I’ve been telling my readers about the “hygiene hypothesis” for years. It’s the obvious fact that we need to encounter pathogens to keep our bodies healthy. If we try and live sterile, it backfires and our immune system goes haywire. Autoimmune diseases are just one possibility. It can even lead to leukemia, as I will explain in a moment.
This will be shocking news to the average (read, silly) American housewife, who thinks it’s her duty to Chlorox every surface continuously, to “protect” her children from “germs”. But of course all that is propaganda and marketing, designed to sell her endless unnecessary—and often quite toxic—cleaning agents.
I explained all this is my tempestuous book Fire In The Belly.
I even reported that deliberately infecting patients with hookworm parasites was working wonders at curing colitis and Crohn’s disease. The improvements were so striking that the patients were asking for extra parasite eggs to continue the treatment, once the scientific trial was ended!
It’s just another version of Nature-knows-best, which I write about all the time. We are designed to continuously evolve and out-manouver parasites. Indeed—fasten your seatbelt and hold on tight—that’s why we have sex! It was invented by Nature for just such a process as outsmarting parasites by living alongside them intelligently.
The idea that if you just KILL EVERYTHING you will be quite safe is not only wrong, it’s dangerously silly. It doesn’t work in war games; it doesn’t work in medicine.
So where is this leading? Well, just to reinforce my message, a UK research team have shown the likelihood that excruciating hygiene cleanliness is a major cause of a particular childhood leukemia: a type of ALL or acute lymphocytic leukemia.
ALL is the most common childhood cancer in developed countries and accounts for about one third of all pediatric malignancies. But why do these cancers develop in young children, and, especially, why they are seen primarily in industrialized societies? Now you know why!
A new review paper1 by noted leukemia researcher Mel Greaves, PhD, FMedSci, FRS, director of the Centre for Evolution and Cancer at the Institute of Cancer Research in London UK, presents strong evidence that the disease is caused through a “two-step process” of genetic mutation interacting with exposure to infection.
It also suggests that in the second stage of the process, a lack of microbial exposure in early life could increase the risk of developing leukemia. “Paradoxically, we think the problem is not infection but a lack of infection early in life,” Greaves is quoted as saying.
The new analysis draws on evidence gleaned from 30 years of research, both from Greaves and other experts across the globe, on the genetics, cell biology, immunology, and epidemiology of childhood leukemia. Based on this evidence, the authors conclude that the cause of ALL is multifactorial, involving both patterns of infection and inherited genetics, as well as other modulators of risk.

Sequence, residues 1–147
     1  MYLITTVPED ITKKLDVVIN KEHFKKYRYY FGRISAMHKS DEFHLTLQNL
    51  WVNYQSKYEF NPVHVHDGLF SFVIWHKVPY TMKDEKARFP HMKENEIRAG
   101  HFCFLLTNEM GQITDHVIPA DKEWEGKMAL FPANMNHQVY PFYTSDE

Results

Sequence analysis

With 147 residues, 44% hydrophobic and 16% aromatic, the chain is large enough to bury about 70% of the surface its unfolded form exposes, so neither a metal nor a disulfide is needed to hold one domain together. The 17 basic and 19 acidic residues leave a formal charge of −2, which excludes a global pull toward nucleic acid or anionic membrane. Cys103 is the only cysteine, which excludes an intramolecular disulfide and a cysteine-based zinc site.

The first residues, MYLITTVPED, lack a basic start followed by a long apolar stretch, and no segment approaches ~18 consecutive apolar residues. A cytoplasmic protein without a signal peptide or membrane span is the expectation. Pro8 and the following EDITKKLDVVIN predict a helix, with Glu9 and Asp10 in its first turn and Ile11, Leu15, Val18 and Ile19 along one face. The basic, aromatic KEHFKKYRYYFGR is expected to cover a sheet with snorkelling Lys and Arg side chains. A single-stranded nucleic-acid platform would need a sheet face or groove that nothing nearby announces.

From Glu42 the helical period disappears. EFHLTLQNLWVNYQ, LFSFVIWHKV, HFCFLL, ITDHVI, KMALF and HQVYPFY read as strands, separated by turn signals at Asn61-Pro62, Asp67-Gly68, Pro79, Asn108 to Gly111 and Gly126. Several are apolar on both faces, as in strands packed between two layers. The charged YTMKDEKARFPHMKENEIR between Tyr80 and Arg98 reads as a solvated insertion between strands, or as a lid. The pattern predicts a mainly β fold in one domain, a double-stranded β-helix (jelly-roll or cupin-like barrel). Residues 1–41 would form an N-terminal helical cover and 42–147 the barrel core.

It is a “paradox of progress in developed societies” in which there is a mismatch between the evolutionary programming of the immune system and modern lifestyles that limits opportunities for microbial exposure early in life.
This is an important observation, if correct. ALL has been increasing in Europe by around 1% each year. This is part of a 13% global increase in the incidence of childhood cancers, including acute leukemias, as previously reported by Medscape Medical News.2
“What we are reporting is what I hope is a resolution to a 100-year controversy on what causes childhood leukemia,” Greaves said in a video interview released by the ICR. “What we think is the major cause are patterns of infection that are characteristic of developed societies.”
“The immune system has evolved to fight infections, and natural infections in the first few weeks and months of life prime the immune system,” said Greaves. “In the absence of that priming early in life, by natural infections, later immune response are abnormally regulated.”
The risk of developing ALL is also further modified by inherited genetics, chance, and probably diet.
ALL Is a Preventable Disease
“What all this research points to me very powerfully is that ALL is probably a preventable disease,” he said. “So the challenge is how can you possibly do that? We think the way to do this is to give to infants in the first year of life some form of exposure to microbials that’s benign and safe, and I’m reasonably optimistic that in perhaps a 5- to 10-year time frame we’ll see this translated into some real benefit.”
“All of this raises the question as to what parents can do if they are worried about the risk of leukemia,” he said.
“One is not to be overzealous about hygiene and overworried about it,” he said. “Encouraging children to mix with other children and particularly older children would be good, and protracted breastfeeding, for 3 to 6 months would be beneficial.”
The paper was published May 21, 2018 in Nature Reviews Cancer.
To learn more startling truths about the human microbiome and how we depend utterly on the microbes we share our lives with, read Fire In The Belly.
It’s not just bacteria in the gut, by the way. There are trillions of genes on us and within us, from viruses
The research in Greave’s lab at ICR was largely funded by the charities Bloodwise and The Kay Kendall Leukemia Fund. Greaves has disclosed no relevant financial relationships.